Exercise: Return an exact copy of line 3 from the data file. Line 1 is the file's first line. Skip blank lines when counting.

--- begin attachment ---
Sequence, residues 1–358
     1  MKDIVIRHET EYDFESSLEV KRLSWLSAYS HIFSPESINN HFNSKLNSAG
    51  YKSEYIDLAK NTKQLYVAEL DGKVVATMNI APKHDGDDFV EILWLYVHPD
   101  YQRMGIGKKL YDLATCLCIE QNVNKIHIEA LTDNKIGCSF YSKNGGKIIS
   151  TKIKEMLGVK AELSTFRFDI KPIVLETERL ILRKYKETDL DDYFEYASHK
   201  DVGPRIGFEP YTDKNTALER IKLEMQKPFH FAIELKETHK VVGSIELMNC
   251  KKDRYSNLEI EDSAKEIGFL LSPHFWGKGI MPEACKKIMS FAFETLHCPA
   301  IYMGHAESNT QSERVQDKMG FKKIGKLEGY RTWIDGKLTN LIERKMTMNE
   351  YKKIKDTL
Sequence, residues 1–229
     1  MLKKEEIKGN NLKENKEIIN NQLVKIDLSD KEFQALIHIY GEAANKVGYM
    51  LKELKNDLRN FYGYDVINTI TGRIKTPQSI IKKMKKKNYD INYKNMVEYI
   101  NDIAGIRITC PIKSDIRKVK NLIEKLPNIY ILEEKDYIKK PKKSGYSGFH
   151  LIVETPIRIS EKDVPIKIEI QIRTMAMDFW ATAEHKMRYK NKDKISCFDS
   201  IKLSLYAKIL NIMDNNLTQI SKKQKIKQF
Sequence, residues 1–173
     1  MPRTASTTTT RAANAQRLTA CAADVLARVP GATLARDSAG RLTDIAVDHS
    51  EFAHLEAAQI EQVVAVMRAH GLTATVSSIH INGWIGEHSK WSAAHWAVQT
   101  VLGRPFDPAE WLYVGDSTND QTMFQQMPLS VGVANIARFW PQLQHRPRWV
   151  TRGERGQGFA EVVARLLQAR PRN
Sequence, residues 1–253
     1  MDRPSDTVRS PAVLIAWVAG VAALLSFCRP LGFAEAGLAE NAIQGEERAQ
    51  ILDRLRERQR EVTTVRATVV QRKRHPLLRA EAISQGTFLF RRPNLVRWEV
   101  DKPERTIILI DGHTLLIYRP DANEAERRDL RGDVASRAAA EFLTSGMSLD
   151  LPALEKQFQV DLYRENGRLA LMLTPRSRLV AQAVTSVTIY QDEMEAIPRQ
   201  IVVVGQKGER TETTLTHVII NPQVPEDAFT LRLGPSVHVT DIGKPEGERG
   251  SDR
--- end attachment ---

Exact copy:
    51  YKSEYIDLAK NTKQLYVAEL DGKVVATMNI APKHDGDDFV EILWLYVHPD